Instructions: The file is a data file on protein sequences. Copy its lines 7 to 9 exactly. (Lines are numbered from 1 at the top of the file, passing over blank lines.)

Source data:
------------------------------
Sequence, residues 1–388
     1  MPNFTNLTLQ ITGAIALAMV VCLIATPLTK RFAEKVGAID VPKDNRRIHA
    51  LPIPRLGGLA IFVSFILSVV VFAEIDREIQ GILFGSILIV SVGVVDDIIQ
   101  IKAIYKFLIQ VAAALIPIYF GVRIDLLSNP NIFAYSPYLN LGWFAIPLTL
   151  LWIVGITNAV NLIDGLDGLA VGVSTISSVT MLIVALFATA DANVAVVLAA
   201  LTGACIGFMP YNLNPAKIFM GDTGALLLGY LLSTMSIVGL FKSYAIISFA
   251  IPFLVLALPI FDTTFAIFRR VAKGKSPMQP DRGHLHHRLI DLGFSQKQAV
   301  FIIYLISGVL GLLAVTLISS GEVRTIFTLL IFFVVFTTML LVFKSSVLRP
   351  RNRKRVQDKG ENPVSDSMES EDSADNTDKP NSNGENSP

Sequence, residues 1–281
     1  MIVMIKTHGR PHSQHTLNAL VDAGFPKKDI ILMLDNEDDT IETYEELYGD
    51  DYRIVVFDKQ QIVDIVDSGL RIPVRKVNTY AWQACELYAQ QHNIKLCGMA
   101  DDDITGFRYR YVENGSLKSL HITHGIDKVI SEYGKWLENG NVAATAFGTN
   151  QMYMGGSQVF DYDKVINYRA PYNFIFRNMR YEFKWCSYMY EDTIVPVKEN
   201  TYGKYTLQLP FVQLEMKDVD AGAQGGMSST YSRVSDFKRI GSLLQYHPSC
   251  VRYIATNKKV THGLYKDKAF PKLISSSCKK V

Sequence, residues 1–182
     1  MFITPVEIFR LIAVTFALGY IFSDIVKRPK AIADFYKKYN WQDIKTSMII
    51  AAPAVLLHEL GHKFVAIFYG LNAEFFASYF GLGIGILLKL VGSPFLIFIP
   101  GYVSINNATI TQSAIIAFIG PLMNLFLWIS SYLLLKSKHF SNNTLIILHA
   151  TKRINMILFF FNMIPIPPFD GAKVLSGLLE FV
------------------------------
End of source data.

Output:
   251  IPFLVLALPI FDTTFAIFRR VAKGKSPMQP DRGHLHHRLI DLGFSQKQAV
   301  FIIYLISGVL GLLAVTLISS GEVRTIFTLL IFFVVFTTML LVFKSSVLRP
   351  RNRKRVQDKG ENPVSDSMES EDSADNTDKP NSNGENSP